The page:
Serafena,

Is there a way to "quote" a message to which you are replying?

----
As far as I know I've never had a manic episode. I read the page you referred me to and I just don't think the I've had an episode that qualifies as being manic.

The doctor once said that even just one manic episode would validate the BP diagnosis but I still don't think I've every had a manic episode.

I have tried to explain to the doctor that I don't think I'm BP but he sticks to his diagnosis.

I was called "Rapid Robert" by the director of a data processing shop at one of the largest bank holding companies in the state where I worked from September 7, 1976 until September 20, 1985 - we were bought out, we converted computer systems to those of the company who purchased us, and then 90% of us were out of jobs. I took another job which was wrong for me and then took another and that was the end of my career -- a very long story.

Syd, the directory of the data processing department at the bank called me Rapid Robert not because I was manic but because I was able to jump on new projects or problems and become productive or solve the problem before the others could even begin the project or recognize that there actually was a problem to solve.

I was the Systems programmer for the bank - the top technical position in a data processing shop and the person that everyone else relies on to fix any "un-fixable" problems. I was carrying a pager as far back at 1978 when it was only doctors who carried them. I was available 24 hours a day to resolve problems - hardware or software.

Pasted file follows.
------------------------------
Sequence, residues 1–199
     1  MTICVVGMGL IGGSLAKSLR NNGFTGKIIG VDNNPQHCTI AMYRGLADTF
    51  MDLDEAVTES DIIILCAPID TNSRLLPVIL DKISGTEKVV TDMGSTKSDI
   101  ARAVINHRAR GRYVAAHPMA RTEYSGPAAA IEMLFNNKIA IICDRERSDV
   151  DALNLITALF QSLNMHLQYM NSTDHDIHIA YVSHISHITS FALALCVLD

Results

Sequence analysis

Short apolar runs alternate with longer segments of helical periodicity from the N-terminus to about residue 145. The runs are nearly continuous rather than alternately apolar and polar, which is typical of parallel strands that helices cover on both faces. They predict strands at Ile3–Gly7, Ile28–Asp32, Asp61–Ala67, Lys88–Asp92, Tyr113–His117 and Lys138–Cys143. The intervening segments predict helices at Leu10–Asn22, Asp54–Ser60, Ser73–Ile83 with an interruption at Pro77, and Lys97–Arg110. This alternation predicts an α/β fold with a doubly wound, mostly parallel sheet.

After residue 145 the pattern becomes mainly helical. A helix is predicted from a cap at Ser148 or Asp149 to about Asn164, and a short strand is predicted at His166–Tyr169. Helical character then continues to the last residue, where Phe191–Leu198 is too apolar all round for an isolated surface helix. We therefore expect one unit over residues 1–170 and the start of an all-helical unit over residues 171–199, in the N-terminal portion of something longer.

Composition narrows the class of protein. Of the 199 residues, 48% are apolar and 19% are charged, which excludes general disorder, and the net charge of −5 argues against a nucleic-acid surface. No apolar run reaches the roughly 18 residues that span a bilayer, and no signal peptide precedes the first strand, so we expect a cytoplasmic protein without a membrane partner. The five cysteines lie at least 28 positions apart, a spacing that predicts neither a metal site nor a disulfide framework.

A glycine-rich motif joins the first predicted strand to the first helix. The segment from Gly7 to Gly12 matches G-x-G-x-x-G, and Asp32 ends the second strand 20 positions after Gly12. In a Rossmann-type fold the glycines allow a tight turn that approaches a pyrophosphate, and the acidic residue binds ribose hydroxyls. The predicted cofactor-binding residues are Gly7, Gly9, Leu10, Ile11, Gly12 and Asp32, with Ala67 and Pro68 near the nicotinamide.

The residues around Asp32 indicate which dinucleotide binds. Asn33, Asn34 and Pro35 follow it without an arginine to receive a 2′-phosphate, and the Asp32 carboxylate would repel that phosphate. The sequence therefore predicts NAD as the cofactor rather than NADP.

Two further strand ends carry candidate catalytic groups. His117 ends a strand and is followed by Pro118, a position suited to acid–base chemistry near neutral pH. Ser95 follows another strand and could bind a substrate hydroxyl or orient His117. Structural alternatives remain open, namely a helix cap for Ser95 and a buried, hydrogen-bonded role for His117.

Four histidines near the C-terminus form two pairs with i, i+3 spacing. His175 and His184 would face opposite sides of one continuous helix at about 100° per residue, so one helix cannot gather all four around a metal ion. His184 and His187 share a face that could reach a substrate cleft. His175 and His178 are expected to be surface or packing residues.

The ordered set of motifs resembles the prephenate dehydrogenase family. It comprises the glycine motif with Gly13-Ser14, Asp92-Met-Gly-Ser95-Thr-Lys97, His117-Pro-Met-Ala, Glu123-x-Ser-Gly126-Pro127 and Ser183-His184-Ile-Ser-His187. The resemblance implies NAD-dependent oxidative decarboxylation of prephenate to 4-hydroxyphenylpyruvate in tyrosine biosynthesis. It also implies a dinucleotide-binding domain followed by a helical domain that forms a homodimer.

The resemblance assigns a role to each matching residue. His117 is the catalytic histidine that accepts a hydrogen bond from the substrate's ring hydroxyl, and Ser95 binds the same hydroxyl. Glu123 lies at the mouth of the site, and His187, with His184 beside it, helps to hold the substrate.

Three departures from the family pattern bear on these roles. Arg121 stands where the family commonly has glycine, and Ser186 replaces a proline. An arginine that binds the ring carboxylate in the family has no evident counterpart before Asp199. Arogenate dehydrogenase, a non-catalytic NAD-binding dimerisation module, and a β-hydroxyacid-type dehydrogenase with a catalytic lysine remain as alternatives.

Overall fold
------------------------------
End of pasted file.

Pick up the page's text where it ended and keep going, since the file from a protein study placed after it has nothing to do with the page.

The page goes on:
I mentioned this nickname to the doctor on the first visit, the visit where I inappropriately used the "manic" word, and I think he thought I was talking about manic behavior. I tried to explain to him that it was not manic behavior but that I through myself into my work with total concentration and was able to achieve results sooner than other people. He doesn't seem to understand the difference.

I'm going to wait and see if the lithium does any good and if it does not, I will try and see another doctor through the organization who is paying the bills for my current doctor.

He is just certain that I'm BP and I don't think so.

Three or four years ago, my wife was contacted about a trial of cymbalta. She gets migraine headaches - has had them since she was very young - and has been in some drug trials for that and when the cymbalta trial started, they contacted her to see if she was interested.

She joined the trial and had good results with the cymbalta - she's not really depressed but it did help her mood. I heard her tell her sister that it was her "happy pill."

I talked to them about my joining the trial but they wanted me to stop taking the amitriptyline. I tried reducing it slowly but by the time I got down to none I was a wreck.

I have been taking amitriptyline since 1984 and I am dependent upon it to get any sleep.

After about two weeks of reducing the dose to none, I wasn't sleeping well - never realy fell heavily asleep and woke up every 45 minutes or so - and was also reacting the not having any time of antidepressant.

I didn't join the trial because of this.

My wife continued on with the cymbalta but had to stop, after the trial, because of the cost.

I want my own "happy pill"!

I've been on Prozac, Wellbutrin, Elavil, Pamelor, Tofranil, Marplan (an MAOI), and maybe Zoloft (I'm not certain if I've been on Zoloft or not)

There might be some I don't remember - I've tried a lot of antidepressants.

With some of them I might not have been on them long enough, for others there either were no good effects or the effects didn't last.